INTRODUCTION 3

In particular

(0.14) tv (λt, 1, d) = 2λvλ(t,

λ2,

d).

Remark 3. Using the contraction mapping principle it can be shown that for

every (λ, d) there exists σ(λ, d) such (0.12) has a unique positive solution defined on

the maximal interval [0, σ(λ, d)). If σ(λ, d) +∞ one has limt→σ(λ,d) v(t, λ, d) = 0

and v(t, λ, d) 0 on [0, σ(λ, d)).

For the sake of simplicity in the notation we will write

(0.15) v(t, 1, d) ≡ v(t, d) and σ(1, d) = σ(d).

The steady state solutions to (0.9) subject to (0.7) or to (0.8) are the solutions

to (0.12) satisfying

(0.16) v(1, λ, d) = 1,

or

(0.17) v (1, λ, d) = 0,

respectively. When p ≤ q, it follows by a phase plane analysis that v ≡ 1 is the only

solution of (0.12) satisfying v(1, λ, d) = 1 or v (1, λ, d) = 0 respectively. Therefore,

we will assume in the rest of this paper that p q.

Throughout this paper

(0.18) 0 μ1

2

μ2

2

· · · → ∞,

and

(0.19) 0 = ν1

2

ν2

2

· · · → ∞

will denote the radial eigenvalues of the negative Laplacian operator with zero

Dirichlet and Neumann boundary data on the unit ball in

RN

respectively. That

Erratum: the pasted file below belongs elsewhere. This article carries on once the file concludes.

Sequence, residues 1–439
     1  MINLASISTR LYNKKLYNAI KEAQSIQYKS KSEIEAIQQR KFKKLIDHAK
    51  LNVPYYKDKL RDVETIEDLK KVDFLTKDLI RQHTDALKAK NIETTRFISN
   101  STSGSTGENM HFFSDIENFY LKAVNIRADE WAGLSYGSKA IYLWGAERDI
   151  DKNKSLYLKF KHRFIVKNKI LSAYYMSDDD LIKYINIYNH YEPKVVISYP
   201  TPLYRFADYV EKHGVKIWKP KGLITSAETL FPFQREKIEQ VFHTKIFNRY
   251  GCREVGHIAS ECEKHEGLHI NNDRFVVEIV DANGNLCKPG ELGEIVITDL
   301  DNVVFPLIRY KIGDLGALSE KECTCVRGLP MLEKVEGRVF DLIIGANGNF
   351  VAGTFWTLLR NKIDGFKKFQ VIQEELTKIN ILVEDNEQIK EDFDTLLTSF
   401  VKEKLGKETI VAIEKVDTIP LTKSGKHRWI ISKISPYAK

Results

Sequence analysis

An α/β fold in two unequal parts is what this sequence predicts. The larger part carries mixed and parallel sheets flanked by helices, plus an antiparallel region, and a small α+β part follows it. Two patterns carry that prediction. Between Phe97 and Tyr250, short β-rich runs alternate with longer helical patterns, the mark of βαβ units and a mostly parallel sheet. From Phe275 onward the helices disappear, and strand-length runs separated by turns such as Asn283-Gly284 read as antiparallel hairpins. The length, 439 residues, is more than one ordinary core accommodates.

is, for each k = 1, . . . there exists radial functions wk = 0, zk = 0 satisfying Δwk +

μkwk = 0 and the boundary condition (0.7), and Δzk + νkzk = 0 and the boundary

condition (0.8).

For future reference we note that the μks, νks are given by the Bessel function

J defined as the solution to

(0.20) J (t) +

N − 1

t

J (t) + J(t) = 0 t ≥ 0, J(0) = 1, J (0) = 0.

In fact, the μks are the zeroes of J and the νks are the zeroes of J . These numbers

also satisfy

(0.21) νk μk νk+1

for all k = 1, 2 . . ..

Our main results are the next theorems.

Theorem 1. Let q p, and

Σ = {(λ, d) ∈ (0, ∞) × (0, ∞); v(1, λ, d) = 1}.

The set of positive solutions to ( 0.9) subject to ( 0.7) is homeomorphic to Σ and is

connected. Moreover, for each positive integer j there exist 0 ≤ dj 1 and Dj 1

and a continuous function ξj : (dj, Dj) → (0, ∞) such that v(·, λ, d), d = 1, is a

solution to ( 0.9) subject to ( 0.7) with v(·, λ, d) − 1 having j − 1 zeroes in (0, 1) if

and only if λ =

ξj(d). In addition, ξj(1) =

μj

p−q

.